• B01L3/502715Containers for the purpose of retaining a material to be analysed, e.g. test tubes with fluid transport, e.g. in multi-compartment structures by integrated microfluidic structures, i.e. dimensions of channels and chambers are such that surface tension forces are important, e.g. lab-on-a-chip characterised by interfacing components, e.g. fluidic, electrical, optical or mechanical interfaces
    • BPERFORMING OPERATIONS; TRANSPORTING
    • B01PHYSICAL OR CHEMICAL PROCESSES OR APPARATUS IN GENERAL
    • B01LCHEMICAL OR PHYSICAL LABORATORY APPARATUS FOR GENERAL USE
    • B01L3/00Containers or dishes for laboratory use, e.g. laboratory glassware; Droppers
    • B01L3/50Containers for the purpose of retaining a material to be analysed, e.g. test tubes
    • B01L3/502Containers for the purpose of retaining a material to be analysed, e.g. test tubes with fluid transport, e.g. in multi-compartment structures
    • B01L3/5027Containers for the purpose of retaining a material to be analysed, e.g. test tubes with fluid transport, e.g. in multi-compartment structures by integrated microfluidic structures, i.e. dimensions of channels and chambers are such that surface tension forces are important, e.g. lab-on-a-chip
    • B01L3/50273Containers for the purpose of retaining a material to be analysed, e.g. test tubes with fluid transport, e.g. in multi-compartment structures by integrated microfluidic structures, i.e. dimensions of channels and chambers are such that surface tension forces are important, e.g. lab-on-a-chip characterised by the means or forces applied to move the fluids
    • BPERFORMING OPERATIONS; TRANSPORTING
    • B01PHYSICAL OR CHEMICAL PROCESSES OR APPARATUS IN GENERAL
    • B01LCHEMICAL OR PHYSICAL LABORATORY APPARATUS FOR GENERAL USE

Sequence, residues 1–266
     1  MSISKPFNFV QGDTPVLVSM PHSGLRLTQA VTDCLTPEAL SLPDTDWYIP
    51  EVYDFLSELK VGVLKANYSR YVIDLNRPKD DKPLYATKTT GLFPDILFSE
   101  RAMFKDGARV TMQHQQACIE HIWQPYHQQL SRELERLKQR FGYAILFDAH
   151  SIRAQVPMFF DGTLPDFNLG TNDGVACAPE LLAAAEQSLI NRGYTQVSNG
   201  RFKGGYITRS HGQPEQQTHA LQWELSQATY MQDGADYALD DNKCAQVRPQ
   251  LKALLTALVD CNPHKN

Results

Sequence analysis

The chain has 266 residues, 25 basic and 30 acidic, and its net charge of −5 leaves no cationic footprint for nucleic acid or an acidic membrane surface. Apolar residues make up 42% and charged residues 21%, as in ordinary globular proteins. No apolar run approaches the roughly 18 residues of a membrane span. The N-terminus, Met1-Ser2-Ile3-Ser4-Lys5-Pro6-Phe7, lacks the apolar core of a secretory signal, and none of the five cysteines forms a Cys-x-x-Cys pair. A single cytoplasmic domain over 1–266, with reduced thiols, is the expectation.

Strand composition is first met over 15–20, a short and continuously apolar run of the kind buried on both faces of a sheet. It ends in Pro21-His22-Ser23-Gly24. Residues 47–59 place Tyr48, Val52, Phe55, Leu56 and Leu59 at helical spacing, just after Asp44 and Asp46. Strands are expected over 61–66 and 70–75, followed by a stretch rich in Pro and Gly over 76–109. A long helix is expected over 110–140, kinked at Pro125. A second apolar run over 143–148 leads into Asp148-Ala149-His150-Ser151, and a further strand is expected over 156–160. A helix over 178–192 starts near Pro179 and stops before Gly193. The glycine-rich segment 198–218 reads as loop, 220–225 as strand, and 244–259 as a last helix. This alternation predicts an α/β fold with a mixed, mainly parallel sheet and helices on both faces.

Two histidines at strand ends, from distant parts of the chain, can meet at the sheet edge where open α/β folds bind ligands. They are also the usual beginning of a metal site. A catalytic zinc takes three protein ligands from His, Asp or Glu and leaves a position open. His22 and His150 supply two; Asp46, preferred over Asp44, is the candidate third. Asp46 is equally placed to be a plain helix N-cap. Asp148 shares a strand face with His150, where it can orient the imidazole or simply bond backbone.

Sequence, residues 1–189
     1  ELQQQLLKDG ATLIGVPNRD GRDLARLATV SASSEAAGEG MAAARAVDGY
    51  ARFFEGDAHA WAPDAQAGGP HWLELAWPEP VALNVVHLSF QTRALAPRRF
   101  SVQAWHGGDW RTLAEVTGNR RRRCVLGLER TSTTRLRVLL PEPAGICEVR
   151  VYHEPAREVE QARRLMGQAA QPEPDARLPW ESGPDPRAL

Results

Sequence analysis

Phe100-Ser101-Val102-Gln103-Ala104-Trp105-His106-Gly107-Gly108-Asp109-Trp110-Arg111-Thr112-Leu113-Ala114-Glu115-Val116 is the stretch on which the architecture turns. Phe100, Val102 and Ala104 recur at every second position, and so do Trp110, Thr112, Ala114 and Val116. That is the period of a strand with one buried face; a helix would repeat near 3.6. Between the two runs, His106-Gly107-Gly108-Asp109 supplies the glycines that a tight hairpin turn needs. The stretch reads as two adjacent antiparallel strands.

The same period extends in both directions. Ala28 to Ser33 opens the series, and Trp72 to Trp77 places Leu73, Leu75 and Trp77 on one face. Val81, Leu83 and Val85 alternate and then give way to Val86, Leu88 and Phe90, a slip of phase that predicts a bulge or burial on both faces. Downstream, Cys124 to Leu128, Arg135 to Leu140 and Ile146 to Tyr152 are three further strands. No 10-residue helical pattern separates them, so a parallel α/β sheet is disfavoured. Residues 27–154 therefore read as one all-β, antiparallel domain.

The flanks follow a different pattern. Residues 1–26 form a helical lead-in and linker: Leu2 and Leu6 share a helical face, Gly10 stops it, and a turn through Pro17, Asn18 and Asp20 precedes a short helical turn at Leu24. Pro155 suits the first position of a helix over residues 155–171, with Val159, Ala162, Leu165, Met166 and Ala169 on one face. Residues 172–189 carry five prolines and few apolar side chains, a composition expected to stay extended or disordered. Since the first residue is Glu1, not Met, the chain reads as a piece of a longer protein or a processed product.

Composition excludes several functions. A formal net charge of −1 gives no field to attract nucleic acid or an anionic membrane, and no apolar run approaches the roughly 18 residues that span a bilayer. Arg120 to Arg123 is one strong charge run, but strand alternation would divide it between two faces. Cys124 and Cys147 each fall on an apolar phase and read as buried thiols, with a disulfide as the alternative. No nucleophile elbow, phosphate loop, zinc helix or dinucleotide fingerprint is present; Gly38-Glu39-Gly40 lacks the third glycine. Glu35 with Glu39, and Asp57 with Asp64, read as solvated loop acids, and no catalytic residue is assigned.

• B01L3/00Containers or dishes for laboratory use, e.g. laboratory glassware; Droppers
    • B01L3/50Containers for the purpose of retaining a material to be analysed, e.g. test tubes
    • B01L3/502Containers for the purpose of retaining a material to be analysed, e.g. test tubes with fluid transport, e.g. in multi-compartment structures
    • B01L3/5027Containers for the purpose of retaining a material to be analysed, e.g. test tubes with fluid transport, e.g. in multi-compartment structures by integrated microfluidic structures, i.e. dimensions of channels and chambers are such that surface tension forces are important, e.g. lab-on-a-chip
    • B01L3/502769Containers for the purpose of retaining a material to be analysed, e.g. test tubes with fluid transport, e.g. in multi-compartment structures by integrated microfluidic structures, i.e. dimensions of channels and chambers are such that surface tension forces are important, e.g. lab-on-a-chip characterised by multiphase flow arrangements
    • B01L3/502784Containers for the purpose of retaining a material to be analysed, e.g. test tubes with fluid transport, e.g. in multi-compartment structures by integrated microfluidic structures, i.e. dimensions of channels and chambers are such that surface tension forces are important, e.g. lab-on-a-chip characterised by multiphase flow arrangements specially adapted for droplet or plug flow, e.g. digital microfluidics
    • FMECHANICAL ENGINEERING; LIGHTING; HEATING; WEAPONS; BLASTING